Aleen Warren didn’t plan on becoming part of a national medical research program when she stepped out of her haircut appointment on Tuesday, but she had the time and was excited to do it.
“I just felt kind of excited that I happened by on a day when I had the time to actually participate and can be a part of something that will stand to help lots and lots of people down the road,” Warren said.
The “something” Warren took part in was “All of Us,” a massive National Institutes of Health data collection effort that aims to fuel medical research.
“All of Us” clinicians will be conducting surveys, collecting medical records and taking blood and urine samples on Washington State University’s Health Sciences campus in Spokane through Friday.
Warren, a foot care nurse, said she was immediately interested when she learned about the program. As a nurse, she said research like this could help providers individualize care for patients in the future.
“We need a different approach for caring for people,” she said.
The “All of Us” program stems from an initiative from President Barack Obama’s administration that aims to advance precision medicine, which seeks to identify unique factors that influence an individual’s health, including genetics, environment and lifestyle. Survey questions focus not just on health habits, like exercise or smoking, but also on race, origin, sex and gender. “All of Us” is an effort to build a database of 1 million Americans to be used for medical research, with a focus on people not traditionally included in health care research.
Francisco Huizar, field director for the program’s mobile initiative, known as “All of Us” Journey, says the aim is to push a specialized and individualized approach for all of health care and medicine.
Anyone interested in participating in “All of Us” can sign up online or visit the mobile unit, but so far only 300 Washingtonians have signed up.
Huizar hopes the next few days in Spokane will boost those numbers.
Nationally, about 230,000 people have participated in the program, after about a year of implementation.
Nonwhite Americans are significantly underrepresented in health care research, and part of the “All of Us” program is working to change that by partnering with community organizations to add a diverse and representative group of Americans to the “All of Us” database.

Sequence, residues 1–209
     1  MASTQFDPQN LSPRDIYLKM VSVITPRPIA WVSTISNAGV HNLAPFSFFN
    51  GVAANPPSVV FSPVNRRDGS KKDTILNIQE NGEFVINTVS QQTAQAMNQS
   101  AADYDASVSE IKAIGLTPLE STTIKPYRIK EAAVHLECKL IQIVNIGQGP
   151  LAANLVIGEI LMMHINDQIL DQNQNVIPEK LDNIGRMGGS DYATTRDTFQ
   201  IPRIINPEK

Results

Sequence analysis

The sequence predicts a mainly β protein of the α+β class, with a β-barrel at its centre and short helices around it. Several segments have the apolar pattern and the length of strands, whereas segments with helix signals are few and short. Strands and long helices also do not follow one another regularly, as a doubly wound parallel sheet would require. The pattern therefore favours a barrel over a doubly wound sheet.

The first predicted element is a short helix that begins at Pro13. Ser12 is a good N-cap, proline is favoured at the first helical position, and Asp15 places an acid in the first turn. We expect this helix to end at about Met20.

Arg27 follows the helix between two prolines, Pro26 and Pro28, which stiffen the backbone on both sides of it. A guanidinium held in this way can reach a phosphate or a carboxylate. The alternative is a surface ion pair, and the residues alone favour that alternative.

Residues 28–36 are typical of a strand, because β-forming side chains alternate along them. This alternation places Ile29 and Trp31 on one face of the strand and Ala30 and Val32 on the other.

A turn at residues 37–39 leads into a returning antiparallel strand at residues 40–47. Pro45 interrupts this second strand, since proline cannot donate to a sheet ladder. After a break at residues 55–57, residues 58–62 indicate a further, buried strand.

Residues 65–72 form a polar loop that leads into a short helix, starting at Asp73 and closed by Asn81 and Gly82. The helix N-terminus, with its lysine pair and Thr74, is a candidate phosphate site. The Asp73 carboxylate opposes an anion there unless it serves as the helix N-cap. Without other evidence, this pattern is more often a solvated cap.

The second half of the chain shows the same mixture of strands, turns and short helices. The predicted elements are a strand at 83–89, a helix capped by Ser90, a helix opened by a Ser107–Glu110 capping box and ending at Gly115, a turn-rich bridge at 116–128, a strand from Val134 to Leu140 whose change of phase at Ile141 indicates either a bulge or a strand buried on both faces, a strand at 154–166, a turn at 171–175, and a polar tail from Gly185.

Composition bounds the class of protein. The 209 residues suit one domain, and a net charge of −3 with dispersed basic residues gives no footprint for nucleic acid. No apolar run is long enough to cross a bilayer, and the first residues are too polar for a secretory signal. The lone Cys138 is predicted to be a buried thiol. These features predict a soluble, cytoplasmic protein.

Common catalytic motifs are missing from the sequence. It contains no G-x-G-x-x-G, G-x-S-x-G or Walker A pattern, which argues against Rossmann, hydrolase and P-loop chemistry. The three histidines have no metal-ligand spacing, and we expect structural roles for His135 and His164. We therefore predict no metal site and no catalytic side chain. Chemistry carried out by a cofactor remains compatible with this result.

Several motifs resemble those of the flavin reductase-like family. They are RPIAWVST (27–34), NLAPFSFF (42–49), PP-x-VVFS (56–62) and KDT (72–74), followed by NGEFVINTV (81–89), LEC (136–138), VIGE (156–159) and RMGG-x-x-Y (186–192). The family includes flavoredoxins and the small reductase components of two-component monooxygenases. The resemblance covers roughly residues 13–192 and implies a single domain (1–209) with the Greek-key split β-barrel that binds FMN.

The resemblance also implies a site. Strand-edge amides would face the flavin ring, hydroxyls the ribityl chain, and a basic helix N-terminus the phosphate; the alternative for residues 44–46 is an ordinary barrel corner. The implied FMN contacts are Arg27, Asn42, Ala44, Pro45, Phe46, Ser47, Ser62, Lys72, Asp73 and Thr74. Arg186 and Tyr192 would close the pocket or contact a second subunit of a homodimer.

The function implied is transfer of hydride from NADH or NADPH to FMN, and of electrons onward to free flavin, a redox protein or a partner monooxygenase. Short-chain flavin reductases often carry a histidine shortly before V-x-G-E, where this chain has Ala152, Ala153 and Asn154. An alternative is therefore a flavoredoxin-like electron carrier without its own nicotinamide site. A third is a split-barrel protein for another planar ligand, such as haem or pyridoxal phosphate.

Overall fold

The National Alliance for Hispanic Health partnered with “All of Us” to get the mobile unit to Spokane. Adolph Falcón, the alliance’s executive vice president, said his organization partnered with NIH on the initiative because the country’s Hispanic population is usually only represented in single-digit percentages, if it’s represented at all, in medical research, despite 18% of the U.S. population identifying as Hispanic, according to census data.
“Hispanics are far, far underrepresented in databases, and in particular genomewide associated studies, and that’s really of concern to us because that’s what driving all future health discovery,” he said. “And the future of health is really going to be tailored to the individuals, and if Hispanics aren’t a part of those research studies now, the cures won’t reflect the needs of Hispanic communities and won’t be tailored to the needs of Hispanic communities.”
The same rings true of other minority groups throughout the country. Huizar points to one of the statistics painted inside the mobile unit: “Fewer than 10% of the U.S. population participate in clinical trials.”
People who sign up for the program sign consent forms that allow researchers to use their data, but personally identifying information will be removed before it is made available to researchers. Information shared with NIH is protected through certificates of confidentiality. NIH research is protected under these certificates, said Alyssa Cotler, director of communications for “All of Us.”
“That means that even if another government agency or law enforcement agency or court order asks for our data, we don’t give it to them,” she said.
The program asks participants to share a lot of personal health data and give blood and urine samples for genetic and DNA research.
“One of the things that sort of sets this research program apart from other genome sequencing research is that we do collect information that you wouldn’t necessarily find in someone’s DNA,” Cotler said.
In the future, researchers will submit proposals to NIH to access the “All of Us” database, although a lot of the collected data is already public. NIH is working to create a code of conduct that researchers would have to agree to in order to access the data. Once the processes and code of conduct is in place, NIH will open up the database to researchers who submit proposals. When a person signs up with “All of Us,” they have the option to be contacted in the future to see if they want to participate in further research.
“What we imagine will happen in the future is there could be a researcher that is looking at an intervention study, and they are interested in reaching people with a certain health condition or meet certain criteria and would invite these sets of folks from our program to be involved in their research separately,” Cotler said, noting that NIH is still working on how confidentiality would be protected in this process.
For now, the “All of Us” program continues to build its database online and in person, through the mobile unit.
The “All of Us” enrollment center is open from 10 a.m. to 4 p.m. through Friday at the corner of Spokane Falls Boulevard and Front Avenue on the WSU Health Sciences Spokane campus.
Arielle Dreher's reporting for The Spokesman-Review is funded in part by Report for America and by members of the Spokane community. This story can be republished by other organizations for free under a Creative Commons license. For more information on this, please contact our newspaper’s managing editor.
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